Preserved under and behind glass are two kilns used by the Roman Tenth Legion 1,900 years ago.
If you wouldn't mind, click and enlarge this and the other photos of signs. They tell the whole story.
I read elsewhere that the Romans added the unclean, traif, unkosher boar/pig just to anger the Judean subjects of Caesar. Maybe . . .
Here is how the tiles were hung on a slanting roof.
Here's how the tiles were manufactured.
Much like the sauna in today's Northern countries, the Roman bathhouses served as a social meeting place. The Legionaries built, used, and maintained them.
Pillars of round or square bricks supported the floor of the caldarium, the room with a hot plunge bath.
Hot air from a furnace circulated under the floor and in hollow bricks in the wall, heating the caldarium.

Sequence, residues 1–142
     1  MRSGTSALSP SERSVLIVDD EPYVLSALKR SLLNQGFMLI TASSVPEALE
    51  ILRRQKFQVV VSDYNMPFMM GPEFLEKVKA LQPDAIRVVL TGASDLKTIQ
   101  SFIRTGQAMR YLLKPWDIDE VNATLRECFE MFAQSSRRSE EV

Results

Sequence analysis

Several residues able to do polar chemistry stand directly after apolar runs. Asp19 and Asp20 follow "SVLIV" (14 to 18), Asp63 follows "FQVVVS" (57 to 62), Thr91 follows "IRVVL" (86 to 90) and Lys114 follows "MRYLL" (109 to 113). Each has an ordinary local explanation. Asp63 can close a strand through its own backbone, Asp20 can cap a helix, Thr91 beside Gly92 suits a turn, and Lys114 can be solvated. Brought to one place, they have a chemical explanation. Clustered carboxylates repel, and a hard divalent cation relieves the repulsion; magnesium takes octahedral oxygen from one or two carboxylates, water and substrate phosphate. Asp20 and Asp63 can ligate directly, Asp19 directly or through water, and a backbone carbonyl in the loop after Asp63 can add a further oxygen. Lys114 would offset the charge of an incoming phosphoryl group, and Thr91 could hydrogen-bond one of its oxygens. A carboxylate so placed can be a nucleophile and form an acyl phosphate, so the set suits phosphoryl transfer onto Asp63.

Trapezoidal bricks were designed especially for arches and vaulted ceilings.
Each segment fit snugly into the other, forming pipes to carry either water or sewage. The pipes could stretch for miles.
Thankfully, the Roman soldiers in Jerusalem knew how to build as well as do battle. And thankfully, the Israel Antiquities Authority had the good sense and the vision to preserve part of this site right here in the middle of modern Jerusalem.